In any event, the main headline of the hour is of the Japanese PM Yoshihiko Noda travelling to Beijing over Christmas and signing up to an agreement to use renminbi and yen more extensively in the two countries' trade and investment relations as opposed to the US dollar with its built-in depreciation feature for those dumb enough to traffic in that riffraff:
The two Asian economies said that they wanted to reduce costs and risks for their companies – an implicit call for less reliance on the dollar, which is currently their predominant medium of exchange.That said, there are substantial issues concerning where the likes of Japan can park their RMB given that China's capital account is closed:
Analysts said the agreement could help boost the renminbi’s role in Asia and internationally but that it was only one of the many tiny steps that Beijing has taken to elevate its currency’s status and that the dollar’s position as the world’s premiere reserve currency was safe for now.
The key obstacle to promoting such trade has been China’s reluctance to relax controls on its capital account, meaning that foreign companies that receive its currency have nowhere to invest it apart from the offshore renminbi base of Hong Kong.Unfortunately alike many others Uncle Sam makes miserable, my country's forex reserves are held mostly in dollars, rendering Treasuries' "store of value" a running gag America plays at the expense of other nations including its so-called friends. (And with a friend like Sammy...) So it comes as a bit of a surprise that erstwhile staunch US "ally" Japan is now trumpeting how it is accumulating PRC sovereign debt--starting with $10 billion worth of real securities instead of helicopter-dropped American pieces of paper:
Liang Meng, a researcher with the People’s Bank of China, acknowledged that the vow to settle more trade in renminbi would by itself change little. “It’s not like the unimpeded global flows of the dollar. To invest in China, you still have to go through intermediary channels,” he said in the commerce ministry’s newspaper.
Japan also sought to downplay its plan to purchase up to $10bn of Chinese government bonds. An unnamed Japanese official was quoted in Chinese media as saying that this was an expression of economic co-operation, not an attempt at diversification of its foreign exchange reserves. [Yeah sure, and I'm sure they're firm believers in "strong dollar" policy too (nudge, nudge, wink, wink).]So much for that TPP feint. Made to choose between closer economic ties between the US and China, Japan sensibly goes for the rising power. As Depeche Mode once noted, everything counts in large amounts in moving towards a non-dollar centric world. The handshake seals the contract; from the contract there's no turning back. etc. I believe it's time others in the region copied Japan's example and made similar goodwill visits to Beijing--where the money is nowadays--to procure reserves denominated in real (RMB), not play (USD) money.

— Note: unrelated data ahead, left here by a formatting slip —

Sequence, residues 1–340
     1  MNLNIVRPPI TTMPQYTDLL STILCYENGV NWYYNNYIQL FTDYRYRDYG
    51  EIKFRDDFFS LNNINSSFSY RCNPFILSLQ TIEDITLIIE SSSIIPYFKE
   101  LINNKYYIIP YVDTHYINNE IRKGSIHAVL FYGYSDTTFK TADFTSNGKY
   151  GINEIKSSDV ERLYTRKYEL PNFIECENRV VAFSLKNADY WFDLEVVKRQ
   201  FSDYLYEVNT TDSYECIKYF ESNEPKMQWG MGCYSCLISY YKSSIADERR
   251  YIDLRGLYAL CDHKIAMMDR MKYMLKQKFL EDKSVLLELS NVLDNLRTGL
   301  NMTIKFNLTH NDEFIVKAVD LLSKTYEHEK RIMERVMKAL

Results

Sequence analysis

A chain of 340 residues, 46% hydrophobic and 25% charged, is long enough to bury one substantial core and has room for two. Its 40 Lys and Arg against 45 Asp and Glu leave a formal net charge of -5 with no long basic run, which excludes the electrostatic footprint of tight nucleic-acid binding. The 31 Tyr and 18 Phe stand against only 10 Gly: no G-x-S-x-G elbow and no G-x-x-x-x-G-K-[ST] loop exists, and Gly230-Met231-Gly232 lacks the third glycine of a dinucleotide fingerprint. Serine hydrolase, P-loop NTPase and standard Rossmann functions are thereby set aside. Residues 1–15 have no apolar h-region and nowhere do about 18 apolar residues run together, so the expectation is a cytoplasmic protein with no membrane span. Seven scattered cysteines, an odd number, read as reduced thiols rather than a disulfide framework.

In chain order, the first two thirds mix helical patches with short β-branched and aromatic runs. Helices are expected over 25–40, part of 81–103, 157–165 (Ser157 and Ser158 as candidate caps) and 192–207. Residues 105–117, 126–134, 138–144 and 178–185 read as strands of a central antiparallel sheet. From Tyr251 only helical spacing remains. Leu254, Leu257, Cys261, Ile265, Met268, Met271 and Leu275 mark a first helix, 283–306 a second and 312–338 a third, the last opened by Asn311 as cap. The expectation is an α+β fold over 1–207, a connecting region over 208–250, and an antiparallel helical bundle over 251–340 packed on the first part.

Over the past five days, China has also signed currency agreements with Thailand and Pakistan, opening bilateral swap lines worth Rmb70bn and Rmb10bn, respectively. “These are all little parts of the bigger picture of trying to internationalise the renminbi,” said Ken Peng, an economist with BNP Paribas.
That settles it; my New Year's resolution is to petition our central bank authorities to swap dollar-denominated detritus in our reserves for the people's money. If there's something that unites all persons, it's the wish that they not be shafted time and again by the likes of helicopter droppers, liars by profession, and mathlexics.
UPDATE: The WSJ has more on the mechanics of this trade. As anyone who has traded forex knows, all basic exchange rates (USD/RMB, GBP/USD, etc.) must have the dollar in there somewhere, making it obligatory to transact by referencing USD. However, the Japan-China deal aims to bypass having to deal with dollars altogether:
[...]China and Japan announced a series of deals that promote the use of the yuan in trade and investment between the world's second- and third-largest economies, which would limit somewhat the use of the dollar in Asia, the world's fastest growing region. Specifically, the two countries agreed to promote direct yuan-yen trade, rather than converting their currencies first to dollars, and also for Japan to hold yuan in its foreign-exchange reserves, which are now largely denominated in dollars.Also notable is how Hong Kong, the entrepot chosen for yuan liberalization, is becoming even more of a hub for currency exchange due to China making it an offshore centre for the RMB:
So far, China has taken some incremental steps toward setting the yuan free. Hong Kong, the only place outside mainland China where the yuan can trade freely, has become the world's fastest-growing currency market in the world.Nearly a tenth of all trade with the PRC is now settled in RMB compared to nearly nothing the year before:
The most significant measure China has taken so far is allowing cross-border trade to be invoiced and paid in its currency. Yuan-settled trade now accounts for about 10% of China's total trade, compared with less than 1% a year ago. Analysts at Deutsche Bank AG predict that yuan-settled trade would amount to 3.7 trillion yuan next year, or 15% of China's total trade.So the RMB really is gaining substantial ground, unbeknownst to many.